Producer Alfred Lion was very impressed when he attended John Hammond's Spirituals to Swing concert of Dec. 23, 1938, which had introduced boogie woogie pianists Albert Ammons and Meade Lux Lewis to New York audiences. Two weeks later, he started the Blue Note label by recording nine Ammons solos, eight by Lewis, and a pair of heated duets during a single day. All of the music (except an untitled original by Meade Lux Lewis slated to be issued by Blue Note in the future) is on this single CD. Ammons, the more forceful (relatively speaking) of the two pianists, generally takes honors, but there are plenty of rewarding performances, including Lewis' five-part "The Blues," Ammons' "Boogie Woogie Stomp," and their duet on "Nagasaki." Highly recommended to collectors who do not already own Mosaic's more extensive three-LP limited-edition Ammons/Lewis set.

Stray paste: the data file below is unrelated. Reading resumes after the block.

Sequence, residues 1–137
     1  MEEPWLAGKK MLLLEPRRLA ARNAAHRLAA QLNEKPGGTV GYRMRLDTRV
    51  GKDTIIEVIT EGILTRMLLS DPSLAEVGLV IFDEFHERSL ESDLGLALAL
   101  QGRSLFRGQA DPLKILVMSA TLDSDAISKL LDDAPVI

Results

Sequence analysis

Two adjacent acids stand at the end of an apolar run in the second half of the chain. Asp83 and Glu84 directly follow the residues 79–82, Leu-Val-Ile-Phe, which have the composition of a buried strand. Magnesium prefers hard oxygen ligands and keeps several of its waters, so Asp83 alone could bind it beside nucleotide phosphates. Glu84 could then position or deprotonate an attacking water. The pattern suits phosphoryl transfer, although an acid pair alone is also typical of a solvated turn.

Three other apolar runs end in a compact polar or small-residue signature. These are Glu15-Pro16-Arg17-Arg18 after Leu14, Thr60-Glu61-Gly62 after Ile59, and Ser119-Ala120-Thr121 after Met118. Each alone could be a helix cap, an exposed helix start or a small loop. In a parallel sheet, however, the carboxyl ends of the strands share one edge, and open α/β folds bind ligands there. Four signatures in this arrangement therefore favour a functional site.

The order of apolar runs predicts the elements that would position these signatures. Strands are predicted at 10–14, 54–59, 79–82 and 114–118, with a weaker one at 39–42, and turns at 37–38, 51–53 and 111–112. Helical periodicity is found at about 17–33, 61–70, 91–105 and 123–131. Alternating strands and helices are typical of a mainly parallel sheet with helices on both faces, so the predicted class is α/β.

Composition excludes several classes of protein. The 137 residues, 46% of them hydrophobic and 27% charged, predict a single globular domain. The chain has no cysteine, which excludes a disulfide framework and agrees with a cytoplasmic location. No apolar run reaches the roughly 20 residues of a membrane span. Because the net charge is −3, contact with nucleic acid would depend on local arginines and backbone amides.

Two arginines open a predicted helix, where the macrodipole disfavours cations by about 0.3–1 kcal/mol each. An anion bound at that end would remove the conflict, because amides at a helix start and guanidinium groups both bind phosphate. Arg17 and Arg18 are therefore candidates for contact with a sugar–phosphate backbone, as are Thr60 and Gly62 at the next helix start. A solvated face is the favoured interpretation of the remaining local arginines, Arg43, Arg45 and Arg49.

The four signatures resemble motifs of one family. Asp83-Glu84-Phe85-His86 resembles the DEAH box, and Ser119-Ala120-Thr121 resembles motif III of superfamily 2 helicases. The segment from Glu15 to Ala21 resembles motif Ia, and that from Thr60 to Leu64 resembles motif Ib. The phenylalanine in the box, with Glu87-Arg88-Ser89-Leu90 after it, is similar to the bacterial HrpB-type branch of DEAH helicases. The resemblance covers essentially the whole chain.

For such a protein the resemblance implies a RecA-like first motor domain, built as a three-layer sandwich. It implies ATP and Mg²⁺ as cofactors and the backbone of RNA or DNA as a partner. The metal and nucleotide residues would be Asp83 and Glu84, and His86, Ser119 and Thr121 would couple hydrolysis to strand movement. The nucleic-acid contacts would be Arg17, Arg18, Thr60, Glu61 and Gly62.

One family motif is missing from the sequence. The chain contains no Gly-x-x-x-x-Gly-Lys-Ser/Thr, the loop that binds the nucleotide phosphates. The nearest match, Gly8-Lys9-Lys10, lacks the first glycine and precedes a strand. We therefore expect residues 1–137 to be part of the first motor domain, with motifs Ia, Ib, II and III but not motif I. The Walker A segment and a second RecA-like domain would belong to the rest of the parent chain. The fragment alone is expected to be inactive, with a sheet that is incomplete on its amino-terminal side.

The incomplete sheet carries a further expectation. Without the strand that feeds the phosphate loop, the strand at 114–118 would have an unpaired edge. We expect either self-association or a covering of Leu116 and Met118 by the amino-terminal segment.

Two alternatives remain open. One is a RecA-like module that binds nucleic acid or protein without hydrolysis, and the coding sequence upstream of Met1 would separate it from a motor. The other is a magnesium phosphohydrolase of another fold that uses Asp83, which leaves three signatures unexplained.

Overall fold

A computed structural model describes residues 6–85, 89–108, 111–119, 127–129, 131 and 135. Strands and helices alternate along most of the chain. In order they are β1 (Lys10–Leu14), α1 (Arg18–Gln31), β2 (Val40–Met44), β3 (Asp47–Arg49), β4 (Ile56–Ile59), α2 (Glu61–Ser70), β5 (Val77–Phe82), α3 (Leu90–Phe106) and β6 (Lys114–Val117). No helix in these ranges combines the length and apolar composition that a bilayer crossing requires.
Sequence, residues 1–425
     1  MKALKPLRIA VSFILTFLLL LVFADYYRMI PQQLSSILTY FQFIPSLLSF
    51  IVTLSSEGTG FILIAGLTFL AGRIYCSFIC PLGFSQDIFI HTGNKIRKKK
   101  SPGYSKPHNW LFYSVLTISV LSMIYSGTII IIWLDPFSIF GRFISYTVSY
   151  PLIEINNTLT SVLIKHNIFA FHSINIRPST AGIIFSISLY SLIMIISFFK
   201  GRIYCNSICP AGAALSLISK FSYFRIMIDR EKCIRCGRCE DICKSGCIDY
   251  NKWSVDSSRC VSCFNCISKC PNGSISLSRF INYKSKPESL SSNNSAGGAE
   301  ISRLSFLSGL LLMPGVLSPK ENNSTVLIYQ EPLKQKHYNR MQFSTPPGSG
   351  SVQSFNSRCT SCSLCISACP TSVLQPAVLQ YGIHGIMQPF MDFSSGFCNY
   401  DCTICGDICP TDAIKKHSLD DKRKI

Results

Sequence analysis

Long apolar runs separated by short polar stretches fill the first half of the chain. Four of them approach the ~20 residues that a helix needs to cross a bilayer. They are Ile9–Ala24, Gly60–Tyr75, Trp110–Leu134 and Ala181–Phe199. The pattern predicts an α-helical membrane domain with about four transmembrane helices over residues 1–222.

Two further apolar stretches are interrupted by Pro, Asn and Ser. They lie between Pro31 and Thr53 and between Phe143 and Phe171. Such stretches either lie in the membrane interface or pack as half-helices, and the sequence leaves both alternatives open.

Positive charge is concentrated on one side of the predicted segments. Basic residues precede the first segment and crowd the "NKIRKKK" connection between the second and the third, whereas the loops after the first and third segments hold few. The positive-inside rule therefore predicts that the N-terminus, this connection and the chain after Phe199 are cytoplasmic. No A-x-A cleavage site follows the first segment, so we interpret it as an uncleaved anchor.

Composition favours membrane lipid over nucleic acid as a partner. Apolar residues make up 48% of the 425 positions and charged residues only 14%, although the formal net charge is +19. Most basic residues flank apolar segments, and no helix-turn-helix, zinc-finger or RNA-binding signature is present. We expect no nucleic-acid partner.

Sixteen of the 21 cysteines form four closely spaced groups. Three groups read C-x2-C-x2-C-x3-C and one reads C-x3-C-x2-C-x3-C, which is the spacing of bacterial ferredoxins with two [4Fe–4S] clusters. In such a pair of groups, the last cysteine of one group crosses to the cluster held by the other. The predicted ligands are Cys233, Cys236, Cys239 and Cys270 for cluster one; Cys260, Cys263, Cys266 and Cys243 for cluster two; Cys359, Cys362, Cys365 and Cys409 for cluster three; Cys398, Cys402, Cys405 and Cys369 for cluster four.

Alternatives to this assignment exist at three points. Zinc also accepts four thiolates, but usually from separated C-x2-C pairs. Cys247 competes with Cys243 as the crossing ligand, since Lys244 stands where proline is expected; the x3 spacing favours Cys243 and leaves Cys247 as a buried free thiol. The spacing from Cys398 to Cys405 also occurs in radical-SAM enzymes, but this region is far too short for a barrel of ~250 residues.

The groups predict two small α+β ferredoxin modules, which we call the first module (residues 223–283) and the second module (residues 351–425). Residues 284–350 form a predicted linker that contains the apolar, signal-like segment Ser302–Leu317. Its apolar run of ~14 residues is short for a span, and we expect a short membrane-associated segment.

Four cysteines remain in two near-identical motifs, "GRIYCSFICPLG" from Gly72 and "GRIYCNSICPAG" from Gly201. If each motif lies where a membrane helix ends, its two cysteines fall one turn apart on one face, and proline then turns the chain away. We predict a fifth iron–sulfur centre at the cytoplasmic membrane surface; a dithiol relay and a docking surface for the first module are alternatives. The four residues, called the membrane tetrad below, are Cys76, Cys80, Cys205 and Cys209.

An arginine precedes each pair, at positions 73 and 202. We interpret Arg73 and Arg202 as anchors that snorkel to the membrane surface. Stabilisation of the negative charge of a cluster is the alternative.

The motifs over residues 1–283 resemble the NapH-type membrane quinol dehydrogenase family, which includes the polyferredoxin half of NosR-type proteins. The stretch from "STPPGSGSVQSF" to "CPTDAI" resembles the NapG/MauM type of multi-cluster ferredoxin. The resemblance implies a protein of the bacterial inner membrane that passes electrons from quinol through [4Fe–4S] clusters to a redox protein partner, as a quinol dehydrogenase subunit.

Jabbo Smith had one of the oddest careers in jazz history. A brilliant trumpeter, Smith had accomplished virtually all of his most significant work by the time he turned 21, yet lived to be 82. He learned to play trumpet at the legendary Jenkins Orphanage in Charleston, and by the time he was 16, Smith showed great promise... 
Jabbo Smith's Rhythm Aces
Jazz Battle (1929-01-29) 2:40
Rhythm In Spain (1938-02-01) 2:43
from The Ultimate Jazz Archive 1929-1938

Legendary, almost mythical gypsy jazz guitarist of the 1930s, collaborations with violinist Stephane Grappelli are landmarks. 
Django Reinhardt